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Hanover© Dorothee Kiesow / Travanto


The Lower Saxon metropolis of Hanover is an important industrial and trade fair center. The present area of the city stems from an old market settlement. The city is first mentioned in a document under the name of ‘Hanovere’ in the 12th century. With over half a million residents, Hanover is one of the 15 largest German cities. As the capital city of Lower Saxony, it is also the seat of the Lower Saxon state parliament. Hanover is important and known above all for the numerous trade fairs that are held in the great Exhibition Center.

Sights to see in Hanover
All the sights in the city center can be explored by following a “red thread.” The red guideline links 36 points in the city center. Regarded as the symbol of Hanover is the City Hall, built on beech-wood piles. Also worth seeing is the classical opera house. With the Lower Saxon State Museum, the Kestner Museum or the Sprengel Museum, Hanover offers a rich program for visitors. Spacious green areas like Masch Park, Lönspark or the Eilenriede City Forest are attractive for outings. As well, the Herrenhäuser Gardens or the Zoo, already founded in the 17th century, are worth a side-trip.






Lüneburg© Petra Kestner / Travanto


The old salt and Hanseatic city of Lüneburg grew up around a castle complex built in 951. Due to the city’s salt deposits, used to pickle fish from the North and Baltic Seas, Lüneburg was admitted to the Hanseatic League and became an important trading center in North Germany. In the 16th century, Lüneburg was one of the richest North German cities. Today the university plays an important role in the city of over 70,000 residents.

Things to see in Lüneburg
The stately domestic architecture of the Old Town testifies to its former prosperity. On the marketplace stands the City Hall, adorned with statuary. The richly furnished interior rooms can be viewed during guided tours. The “Old Crane” is Lüneburg’s symbol and in the Middle Ages served for loading salt. The German Salt Museum stands on the grounds of a former salt works. The Lüneburg Salt-Thermal Bath is the center of the health resort. The Lüne Monastery was founded in the 12th century and is open to tourists. The three main churches, St. John’s, St. Michael’s and St. Nicholas’, were built in the brick Gothic style between the 13th and 15th centuries. We find nature at its best in Lüneburg Heath Nature Park.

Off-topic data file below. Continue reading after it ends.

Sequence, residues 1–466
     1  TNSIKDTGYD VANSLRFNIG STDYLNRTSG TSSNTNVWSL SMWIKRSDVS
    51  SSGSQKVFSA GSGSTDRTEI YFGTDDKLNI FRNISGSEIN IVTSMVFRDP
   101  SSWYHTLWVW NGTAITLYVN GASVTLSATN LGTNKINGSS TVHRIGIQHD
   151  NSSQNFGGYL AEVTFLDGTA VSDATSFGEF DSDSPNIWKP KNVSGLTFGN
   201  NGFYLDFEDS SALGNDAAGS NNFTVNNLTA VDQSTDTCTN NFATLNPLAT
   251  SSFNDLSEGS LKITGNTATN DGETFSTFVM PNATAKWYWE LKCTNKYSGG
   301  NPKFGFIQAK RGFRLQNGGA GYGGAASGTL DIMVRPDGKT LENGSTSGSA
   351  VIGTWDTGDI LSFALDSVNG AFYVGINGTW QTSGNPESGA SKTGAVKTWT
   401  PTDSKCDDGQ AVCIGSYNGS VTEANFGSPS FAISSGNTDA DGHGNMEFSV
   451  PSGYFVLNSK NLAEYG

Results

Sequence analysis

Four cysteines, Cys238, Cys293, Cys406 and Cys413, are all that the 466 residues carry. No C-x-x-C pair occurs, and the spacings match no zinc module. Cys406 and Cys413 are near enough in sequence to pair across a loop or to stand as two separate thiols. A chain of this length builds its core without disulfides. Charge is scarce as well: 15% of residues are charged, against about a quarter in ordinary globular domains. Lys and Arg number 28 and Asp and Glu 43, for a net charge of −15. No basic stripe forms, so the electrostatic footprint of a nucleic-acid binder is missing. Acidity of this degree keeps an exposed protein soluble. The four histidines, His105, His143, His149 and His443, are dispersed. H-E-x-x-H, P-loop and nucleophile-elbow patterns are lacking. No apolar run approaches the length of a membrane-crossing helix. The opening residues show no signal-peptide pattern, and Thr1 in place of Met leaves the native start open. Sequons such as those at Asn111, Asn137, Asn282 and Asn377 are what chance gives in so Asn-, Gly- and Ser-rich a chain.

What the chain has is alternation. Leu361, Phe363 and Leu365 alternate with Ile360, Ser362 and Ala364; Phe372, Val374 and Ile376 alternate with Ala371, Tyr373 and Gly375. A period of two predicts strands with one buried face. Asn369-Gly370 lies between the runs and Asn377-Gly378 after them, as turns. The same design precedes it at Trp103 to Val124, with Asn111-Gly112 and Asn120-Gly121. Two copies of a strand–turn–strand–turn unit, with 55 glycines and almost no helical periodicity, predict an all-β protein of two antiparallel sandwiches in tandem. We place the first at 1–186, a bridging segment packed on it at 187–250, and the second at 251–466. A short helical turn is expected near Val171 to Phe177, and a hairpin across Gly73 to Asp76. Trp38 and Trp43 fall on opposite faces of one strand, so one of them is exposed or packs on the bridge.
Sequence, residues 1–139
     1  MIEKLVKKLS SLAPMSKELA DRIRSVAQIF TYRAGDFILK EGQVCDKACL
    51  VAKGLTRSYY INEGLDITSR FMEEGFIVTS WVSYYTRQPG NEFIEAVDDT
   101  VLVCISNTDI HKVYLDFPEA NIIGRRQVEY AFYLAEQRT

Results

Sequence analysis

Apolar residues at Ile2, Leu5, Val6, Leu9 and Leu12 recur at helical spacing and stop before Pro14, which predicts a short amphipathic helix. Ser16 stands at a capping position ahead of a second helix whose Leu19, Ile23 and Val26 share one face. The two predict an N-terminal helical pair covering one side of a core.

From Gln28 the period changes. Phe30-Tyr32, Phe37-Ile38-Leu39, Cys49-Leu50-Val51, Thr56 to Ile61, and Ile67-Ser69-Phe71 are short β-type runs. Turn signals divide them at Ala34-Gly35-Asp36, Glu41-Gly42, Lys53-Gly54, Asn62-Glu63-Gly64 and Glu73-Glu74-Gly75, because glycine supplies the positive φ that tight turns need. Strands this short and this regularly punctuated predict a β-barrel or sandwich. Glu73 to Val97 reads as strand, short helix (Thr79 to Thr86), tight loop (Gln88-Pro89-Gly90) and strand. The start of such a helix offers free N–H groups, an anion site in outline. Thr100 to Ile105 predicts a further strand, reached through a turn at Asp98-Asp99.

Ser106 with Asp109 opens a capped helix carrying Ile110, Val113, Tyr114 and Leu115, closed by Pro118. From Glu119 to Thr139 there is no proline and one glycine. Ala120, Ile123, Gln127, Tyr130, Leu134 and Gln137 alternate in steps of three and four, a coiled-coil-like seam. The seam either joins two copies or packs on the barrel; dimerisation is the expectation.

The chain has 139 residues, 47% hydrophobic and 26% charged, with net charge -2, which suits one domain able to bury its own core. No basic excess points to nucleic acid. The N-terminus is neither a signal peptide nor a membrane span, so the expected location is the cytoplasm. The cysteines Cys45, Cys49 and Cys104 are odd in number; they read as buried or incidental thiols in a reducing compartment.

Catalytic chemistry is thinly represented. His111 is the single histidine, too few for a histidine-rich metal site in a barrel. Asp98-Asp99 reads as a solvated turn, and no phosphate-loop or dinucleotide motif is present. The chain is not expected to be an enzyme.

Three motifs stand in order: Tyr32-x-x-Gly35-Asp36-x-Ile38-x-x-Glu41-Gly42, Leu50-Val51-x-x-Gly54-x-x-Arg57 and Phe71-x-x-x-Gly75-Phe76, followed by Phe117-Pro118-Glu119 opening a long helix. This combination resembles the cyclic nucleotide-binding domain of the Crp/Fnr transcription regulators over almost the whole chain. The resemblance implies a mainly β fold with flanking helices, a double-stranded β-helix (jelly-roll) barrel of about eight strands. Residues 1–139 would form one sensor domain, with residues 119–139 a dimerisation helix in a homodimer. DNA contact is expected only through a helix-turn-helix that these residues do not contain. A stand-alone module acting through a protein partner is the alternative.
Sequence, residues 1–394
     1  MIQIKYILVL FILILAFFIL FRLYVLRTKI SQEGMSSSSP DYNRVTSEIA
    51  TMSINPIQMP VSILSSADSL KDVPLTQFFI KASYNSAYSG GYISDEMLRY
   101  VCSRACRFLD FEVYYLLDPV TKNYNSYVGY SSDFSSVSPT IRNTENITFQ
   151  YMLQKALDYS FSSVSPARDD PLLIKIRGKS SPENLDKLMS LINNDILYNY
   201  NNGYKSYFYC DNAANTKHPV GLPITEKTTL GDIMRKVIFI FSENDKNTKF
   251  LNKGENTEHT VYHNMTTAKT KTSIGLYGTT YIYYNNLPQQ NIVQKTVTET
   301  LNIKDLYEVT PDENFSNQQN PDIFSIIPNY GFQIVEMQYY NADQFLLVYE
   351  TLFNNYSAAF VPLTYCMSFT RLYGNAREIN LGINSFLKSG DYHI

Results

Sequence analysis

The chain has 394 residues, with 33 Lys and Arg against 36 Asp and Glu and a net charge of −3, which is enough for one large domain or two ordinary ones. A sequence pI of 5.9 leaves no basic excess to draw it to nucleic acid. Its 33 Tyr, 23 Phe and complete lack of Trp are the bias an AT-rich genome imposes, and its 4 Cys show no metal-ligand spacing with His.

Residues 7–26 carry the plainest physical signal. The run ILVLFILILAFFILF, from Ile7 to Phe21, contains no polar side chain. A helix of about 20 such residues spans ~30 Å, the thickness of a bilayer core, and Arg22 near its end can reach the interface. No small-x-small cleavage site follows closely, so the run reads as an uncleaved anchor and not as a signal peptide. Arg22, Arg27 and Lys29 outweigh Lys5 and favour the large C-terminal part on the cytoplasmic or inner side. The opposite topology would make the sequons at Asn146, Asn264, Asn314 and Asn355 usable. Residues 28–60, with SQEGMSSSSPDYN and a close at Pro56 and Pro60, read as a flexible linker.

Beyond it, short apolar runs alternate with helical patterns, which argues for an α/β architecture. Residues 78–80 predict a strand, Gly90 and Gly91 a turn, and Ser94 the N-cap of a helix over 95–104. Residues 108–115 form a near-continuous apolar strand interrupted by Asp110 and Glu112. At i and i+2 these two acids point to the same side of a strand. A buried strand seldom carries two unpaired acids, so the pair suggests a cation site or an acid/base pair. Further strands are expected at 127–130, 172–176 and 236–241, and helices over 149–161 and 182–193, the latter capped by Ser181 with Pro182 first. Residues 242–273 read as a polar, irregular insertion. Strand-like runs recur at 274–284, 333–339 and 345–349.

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Munich, the capital city of Bavaria, was founded in 1158 by Heinrich the Lion, and shortly thereafter became the Residence of the royal Wittelsbach family. Today, Bavarian informality and good cheer prevail on the Isar river, especially when the annual Oktoberfest is held and attracts visitors from around the world. With over 1.3 million residents, Munich is the third-largest city in Germany after Berlin and Hamburg.

Sights in Munich
The living heart of the Old City beats on the crowded Marienplatz town square. At the New City Hall, the famous clock figures and chimes attract tourists each day at noon. Bavarian delicacies and culinary treats from around the world change hands in the nearby food market. Anyone who visits Munich should also try the famous Hofbräuhaus beer hall and take a stroll through the English Garden, built in the 18th century according to the pattern of English gardens. The Hellabrunn Zoological Garden thrills old and young. In the Olympic Park, built for the 1972 Olympic Games, there are various sport facilities for athletic events. Art lovers find world-renowned old masters in the Alte Pinakothek museum. Munich is also known for the two towers of the Church of Our Lady, the Gothic cathedral of the archdiocese of Munich. Technology fans get their money’s worth in the German Museum and in the BMW Museum, which tells the history of the famous automobile company. In the Bavarian Film Studio, original film sets can be seen and various movie theaters and shows are offered.

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The Cathedral and University City of Münster forms the center of the Münster region and is located in Northwestern North Rhine-Westphalia. Because of its numerous churches, the city on the Dortmund-Ems Canal is called the “Lower German Rome.” The diocese of Münster was founded in the late 8th century by Charlemagne. Until 1803 Münster was the center of an ecclesiastical principality. In the city center the Principal Market, surrounded by gabled buildings, is a popular place to visit. There stands the Gothic City Hall, where in the mid-17th century a partial settlement of the Thirty Years’ War was signed between Spain and the Netherlands.

Worth seeing in Münster